a formal education program in which a student learns at least in part through online learning, with some element of student control over time, place, path, and/or pace; at least in part in a supervised brick-and-mortar location away from home; (3) and the modalities along each student’s learning path within a course or subject are connected to provide an integrated learning experience.

Fittingly, then, a new piece by the Christensen Institute’s Michael Horn shares how his group is partnering up with Evergreen Education “to find more districts that are obtaining good results for students—concrete and objective—from blended learning.” This is just the kind of needed project to track the particulars of an emerging education program trend. What’s working, what’s not, etc.? Continue Reading »

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September
11th 2014
Empire Strikes Back against School Choice in Courts; Don’t Give Up!

Posted under Courts & Independence Institute & Innovation and Reform & Parents & Private Schools & School Choice & Tax Credits

A couple days ago I tossed out a Star Trek reference. Today, it’s going to be a Star Wars metaphor. I hope this doesn’t cause any sort of Sci-Fi universe catastrophes, including but not limited to wormholes, disturbances in the Force, or ripples in the space-time continuum.

All that setup to talk about the Empire striking back. This time, though, it doesn’t include Darth Vader, Death Stars, or Storm Troopers. I’m talking about some large organized adult interest groups with high-paid attorneys filing lawsuits to halt promising or successful school choice programs. A couple weeks ago we smiled together at the good news for New Hampshire kids in surviving that state’s legal challenge.

But my post also featured my reaction to news of a new lawsuit against Florida’s scholarship tax credit program: Continue Reading »

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September
5th 2014
Michigan Judge Calls Out Union Opt-Out Policy as Unfair to Teachers

Posted under Courts & Education Politics & Independence Institute & Teachers

My dad once told me a story about when he was a little kid, not much older than I am now. He saw one of the bigger kids on the school playground holding a few of the smaller kids’ lunch money hostage. This bully said he had taken their money for the privilege of being his friend, and that he might give the money back if they individually came to meet him right after school in the back alley.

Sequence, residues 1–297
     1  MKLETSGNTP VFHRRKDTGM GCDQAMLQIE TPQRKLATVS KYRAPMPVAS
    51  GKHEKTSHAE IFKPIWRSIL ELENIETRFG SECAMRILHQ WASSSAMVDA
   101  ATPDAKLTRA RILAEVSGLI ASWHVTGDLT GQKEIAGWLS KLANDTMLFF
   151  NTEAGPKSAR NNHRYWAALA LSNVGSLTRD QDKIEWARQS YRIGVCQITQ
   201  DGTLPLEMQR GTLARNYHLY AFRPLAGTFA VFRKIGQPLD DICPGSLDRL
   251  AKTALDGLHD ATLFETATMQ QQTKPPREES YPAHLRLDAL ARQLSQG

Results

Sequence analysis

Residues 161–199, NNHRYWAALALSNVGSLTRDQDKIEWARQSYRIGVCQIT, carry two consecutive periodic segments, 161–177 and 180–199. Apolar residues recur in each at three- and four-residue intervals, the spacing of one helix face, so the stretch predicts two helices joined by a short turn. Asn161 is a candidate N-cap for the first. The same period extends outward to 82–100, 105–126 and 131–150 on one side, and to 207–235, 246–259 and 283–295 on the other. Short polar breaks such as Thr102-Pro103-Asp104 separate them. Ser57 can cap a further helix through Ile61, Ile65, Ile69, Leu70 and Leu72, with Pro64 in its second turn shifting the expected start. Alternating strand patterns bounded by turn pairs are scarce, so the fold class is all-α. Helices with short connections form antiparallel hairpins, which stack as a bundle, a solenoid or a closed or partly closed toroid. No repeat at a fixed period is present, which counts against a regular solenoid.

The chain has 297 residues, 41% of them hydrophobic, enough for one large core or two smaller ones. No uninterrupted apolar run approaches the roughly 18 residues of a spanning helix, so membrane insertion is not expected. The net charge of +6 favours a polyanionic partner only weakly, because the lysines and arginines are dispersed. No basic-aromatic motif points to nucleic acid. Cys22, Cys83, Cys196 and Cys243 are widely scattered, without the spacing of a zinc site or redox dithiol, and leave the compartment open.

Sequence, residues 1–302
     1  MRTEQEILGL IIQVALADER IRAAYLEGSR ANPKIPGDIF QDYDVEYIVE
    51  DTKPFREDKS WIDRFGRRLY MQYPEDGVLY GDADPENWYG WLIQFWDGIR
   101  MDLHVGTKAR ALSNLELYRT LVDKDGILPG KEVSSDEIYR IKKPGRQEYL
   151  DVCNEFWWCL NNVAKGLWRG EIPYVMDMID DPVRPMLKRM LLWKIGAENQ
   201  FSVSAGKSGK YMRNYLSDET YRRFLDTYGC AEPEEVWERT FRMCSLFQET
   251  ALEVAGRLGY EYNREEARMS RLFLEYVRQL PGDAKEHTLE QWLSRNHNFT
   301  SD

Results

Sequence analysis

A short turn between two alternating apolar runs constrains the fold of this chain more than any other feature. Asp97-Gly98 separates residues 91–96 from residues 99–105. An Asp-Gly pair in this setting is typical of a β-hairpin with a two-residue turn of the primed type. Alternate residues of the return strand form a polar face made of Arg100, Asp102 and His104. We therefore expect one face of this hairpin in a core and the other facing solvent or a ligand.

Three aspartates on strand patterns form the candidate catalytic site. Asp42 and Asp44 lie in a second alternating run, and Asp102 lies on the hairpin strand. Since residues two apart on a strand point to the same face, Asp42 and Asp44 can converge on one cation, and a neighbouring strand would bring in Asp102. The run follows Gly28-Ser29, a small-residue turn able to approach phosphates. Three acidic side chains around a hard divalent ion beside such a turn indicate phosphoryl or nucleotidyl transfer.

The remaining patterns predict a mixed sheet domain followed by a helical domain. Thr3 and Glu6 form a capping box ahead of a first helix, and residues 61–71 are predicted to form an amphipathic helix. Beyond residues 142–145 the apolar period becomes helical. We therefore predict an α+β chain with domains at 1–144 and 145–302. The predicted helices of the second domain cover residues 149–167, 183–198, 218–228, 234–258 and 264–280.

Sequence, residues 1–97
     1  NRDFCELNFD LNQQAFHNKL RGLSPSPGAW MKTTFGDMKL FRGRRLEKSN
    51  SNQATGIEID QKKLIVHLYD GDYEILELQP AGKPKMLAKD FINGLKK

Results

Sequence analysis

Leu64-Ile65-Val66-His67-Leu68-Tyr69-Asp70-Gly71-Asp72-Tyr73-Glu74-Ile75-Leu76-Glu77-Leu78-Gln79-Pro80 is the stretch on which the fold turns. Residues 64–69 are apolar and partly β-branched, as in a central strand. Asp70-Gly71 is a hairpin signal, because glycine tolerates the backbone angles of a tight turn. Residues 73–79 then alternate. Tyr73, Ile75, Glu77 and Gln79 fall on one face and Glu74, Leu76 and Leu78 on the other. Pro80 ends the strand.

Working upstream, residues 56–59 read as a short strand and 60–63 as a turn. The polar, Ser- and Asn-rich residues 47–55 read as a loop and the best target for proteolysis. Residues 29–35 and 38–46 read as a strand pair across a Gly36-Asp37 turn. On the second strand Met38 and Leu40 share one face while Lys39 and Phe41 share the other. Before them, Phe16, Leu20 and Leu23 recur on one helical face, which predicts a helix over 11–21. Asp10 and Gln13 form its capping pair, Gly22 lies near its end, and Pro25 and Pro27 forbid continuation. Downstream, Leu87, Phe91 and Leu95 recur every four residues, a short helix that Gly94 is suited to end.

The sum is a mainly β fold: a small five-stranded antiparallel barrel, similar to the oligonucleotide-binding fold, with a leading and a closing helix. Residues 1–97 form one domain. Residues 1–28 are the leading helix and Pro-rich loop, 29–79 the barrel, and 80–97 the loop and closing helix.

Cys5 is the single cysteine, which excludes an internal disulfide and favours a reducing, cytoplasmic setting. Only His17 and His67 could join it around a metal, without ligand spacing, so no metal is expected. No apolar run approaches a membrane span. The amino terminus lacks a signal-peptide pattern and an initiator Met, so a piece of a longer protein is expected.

Overhearing the bully’s explanation was my dad, who came into the scene, shouting, “Hey, that’s not fair! Just give their money back.” As the story is told, the bully turned to my dad with a clenched fist held up, and a mean look on his face: “Shut up, you little [doodyhead]!”

“If you don’t give them back their money, I’m going to tell the teacher,” my dad bravely continued.

The bully looked even angrier. “Brilliant idea,” he said sarcastically. “If the teacher finds out, we won’t be able to play ball out here anymore. Obviously, you just want to ruin recess for everyone.” Continue Reading »

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August
21st 2014
Back-to-Back: Durango, Pueblo Papers Weigh In for Open Negotiations

Posted under Education Politics & Independence Institute & School Board & State Legislature & Teachers

Anyone who has been a reader of this blog for any length of time knows that I’m a big fan of open negotiations. When school board representatives and the leaders of employee groups sit down to discuss how huge chunks of taxpayer-funded K-12 budgets are spent, and set policies that affect classrooms, we’re better off with parents, teachers, and community members able to keep an eye on the action.

Earlier this year the Jeffco school board and teachers union made a historic agreement for bargaining transparency. When last we checked in, though, union leaders staged an impasse that led to mediation and took discussions back behind closed doors. Only a couple of other school districts make it nearly even that far by holding some sort of real open negotiations.

That soon could change. Thanks to the concerted effort of my Independence Institute friends, it soon may become the law of the land. Proposition 104 will be on the ballot for Colorado voters to decide this year. Continue Reading »

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August
19th 2014
“What Are People Thinking” about Education? PEPG Makes It Pay to Know

Posted under Independence Institute & Innovation and Reform & Online Schools & Research & School Finance & Tax Credits & Teachers

Sometimes you see or hear about some crazy behavior out there, and somewhat aghast, you ask aloud or think: “What are people thinking?” Other times, you’re just curious about the opinions of those adults around you who can affect important issues, and it’s just: “I wonder… what are people thinking?”

My faithful fans know that taking a look at surveys about education is more than just a passing fancy. Only a couple months ago, the Friedman Foundation’s latest national poll rightly caught my attention. But there’s none I look forward to more than the PEPG/Education Next survey, which covers a large sample of more than 5,000 adults and now has eight years of comparative data! (That’s older than I am… Really!)

In-depth coverage by Michael Henderson, Paul Peterson, and Martin West of the 2014 edition’s results sheds light on a number of important matters.

First, as my Education Policy Center friends continue to speak out for scholarship tax credits as a way to help Colorado kids win, PEPG finds national support remains strong. At 60% to 26%, favorability is consistent with (albeit slightly weaker) the Friedman results. It also once again remains the most widely popular form of school choice proposal. Hip, hip, hooray!

Second, again consistent with Friedman, the new survey found “declining” (especially among public school teachers and among Republicans) and “polarizing” support for the national standards movement known as Common Core. PEPG took a slightly different twist. The earlier survey found that results skew from slightly against to slightly in favor when a clear definition of “Common Core” is added into the question. PEPG just asked the same question, with and without the highly-charged term. Continue Reading »